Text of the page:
Is it a sin or an offence for lecturers to press for deserved wages? Nigerians should organise a National Salary Conference, so to speak, to debate who among Nigerians should earn more or less emoluments. Will Nigerians in such a conference approve that local government councillors, parliamentarians, etc should earn more than medical doctors, lecturers, nurses, policemen and soldiers who put their lives at risk to build the nation and save lives? Would Nigerians decide that senators, House of Representative members, etc be paid higher than professors who toil all their lives to dig deep into the mines of knowledge to advance society? Nigerians should read the lecturers' salary structure (CONUASS II) published by NUC on the page 45 of Vanguard on July 8, 2013. A Graduate Assistant (GA), the lowest rank of university lecturers, earns 1,274, 177 naira at step 1 and 1,458,567 at peak per annum. These are inclusive of all allowances. If you divide these by 12 months, what do get? By the time tax and other deductions are made, the take-home pay for GA comes down to about 70-something thousand naira! A professor, the highest of the rank, at step 1 earns 4591,149 and 6,030,963 naira at the peak per annum. Divide them by 12 and you have 382,595 and 502,580 naira respectively per month.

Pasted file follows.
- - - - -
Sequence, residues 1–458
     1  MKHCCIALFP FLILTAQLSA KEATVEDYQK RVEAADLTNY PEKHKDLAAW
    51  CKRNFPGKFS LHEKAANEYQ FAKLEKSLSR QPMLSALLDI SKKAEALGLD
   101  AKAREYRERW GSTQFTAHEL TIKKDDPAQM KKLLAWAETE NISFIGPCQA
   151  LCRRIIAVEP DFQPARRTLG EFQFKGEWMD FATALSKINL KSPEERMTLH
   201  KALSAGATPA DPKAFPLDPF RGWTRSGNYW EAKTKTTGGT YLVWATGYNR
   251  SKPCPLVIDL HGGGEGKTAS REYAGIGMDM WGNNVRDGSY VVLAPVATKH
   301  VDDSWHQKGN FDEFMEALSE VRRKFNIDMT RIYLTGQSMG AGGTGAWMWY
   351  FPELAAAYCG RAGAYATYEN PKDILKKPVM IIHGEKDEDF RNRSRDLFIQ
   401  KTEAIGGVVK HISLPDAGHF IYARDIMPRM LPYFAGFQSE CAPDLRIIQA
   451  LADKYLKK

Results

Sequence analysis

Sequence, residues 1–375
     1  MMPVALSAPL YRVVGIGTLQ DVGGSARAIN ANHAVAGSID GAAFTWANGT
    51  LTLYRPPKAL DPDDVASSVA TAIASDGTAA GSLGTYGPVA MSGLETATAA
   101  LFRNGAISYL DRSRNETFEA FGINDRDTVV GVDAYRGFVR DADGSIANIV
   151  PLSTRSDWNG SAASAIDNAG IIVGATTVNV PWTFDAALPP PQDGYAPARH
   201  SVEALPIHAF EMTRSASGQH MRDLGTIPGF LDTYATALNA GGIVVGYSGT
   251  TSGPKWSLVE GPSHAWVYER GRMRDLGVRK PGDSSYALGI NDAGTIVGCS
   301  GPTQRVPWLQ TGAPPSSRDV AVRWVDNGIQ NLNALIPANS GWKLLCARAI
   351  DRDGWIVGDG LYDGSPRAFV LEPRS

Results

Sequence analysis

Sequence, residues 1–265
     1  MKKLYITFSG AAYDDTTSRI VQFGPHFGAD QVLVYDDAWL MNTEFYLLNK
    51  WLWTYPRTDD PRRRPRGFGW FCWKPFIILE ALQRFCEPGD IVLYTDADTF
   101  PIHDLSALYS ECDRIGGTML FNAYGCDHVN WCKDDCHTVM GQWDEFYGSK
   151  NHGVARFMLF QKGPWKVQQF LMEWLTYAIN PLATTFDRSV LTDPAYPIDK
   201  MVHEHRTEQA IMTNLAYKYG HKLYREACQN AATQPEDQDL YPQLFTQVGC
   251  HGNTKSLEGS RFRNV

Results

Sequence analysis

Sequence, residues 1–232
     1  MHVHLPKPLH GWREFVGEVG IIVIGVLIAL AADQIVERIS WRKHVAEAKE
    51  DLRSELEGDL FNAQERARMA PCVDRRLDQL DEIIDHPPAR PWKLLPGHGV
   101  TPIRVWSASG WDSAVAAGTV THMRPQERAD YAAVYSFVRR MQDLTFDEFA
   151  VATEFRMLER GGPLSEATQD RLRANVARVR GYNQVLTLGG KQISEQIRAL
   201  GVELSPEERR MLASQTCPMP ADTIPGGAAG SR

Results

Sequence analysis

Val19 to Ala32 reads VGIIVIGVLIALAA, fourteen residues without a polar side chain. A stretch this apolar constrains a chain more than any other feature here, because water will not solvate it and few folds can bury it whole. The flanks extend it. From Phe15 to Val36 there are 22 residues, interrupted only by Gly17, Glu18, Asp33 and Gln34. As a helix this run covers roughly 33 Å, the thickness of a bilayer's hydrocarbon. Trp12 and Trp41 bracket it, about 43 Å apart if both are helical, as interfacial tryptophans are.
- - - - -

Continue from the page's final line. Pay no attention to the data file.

Now, compare this to what a local government councillor, the lowest of political officers, earns as furniture and dressing allowances in a month or year. NUC should also publish the following statistics: FGN allocations to various sectors, ministries, the Presidency, security votes, National Assembly; the annual emoluments structures of the president, his ministers, special advisers and assistants; governors, commissioners and their assistants; NUC Secretary, directors, boards' chairmen, ambassadors, special aids, personal assistants; the unconstitutional office of the First Lady and the salary structure of lecturers in other African countries. A computation of the National Assembly President's and Speaker's annual emoluments compared with a professor's shows that a professor will have to live for at least 500 years to earn such mind-boggling oodles of money! So, wetin teachers do dem nau?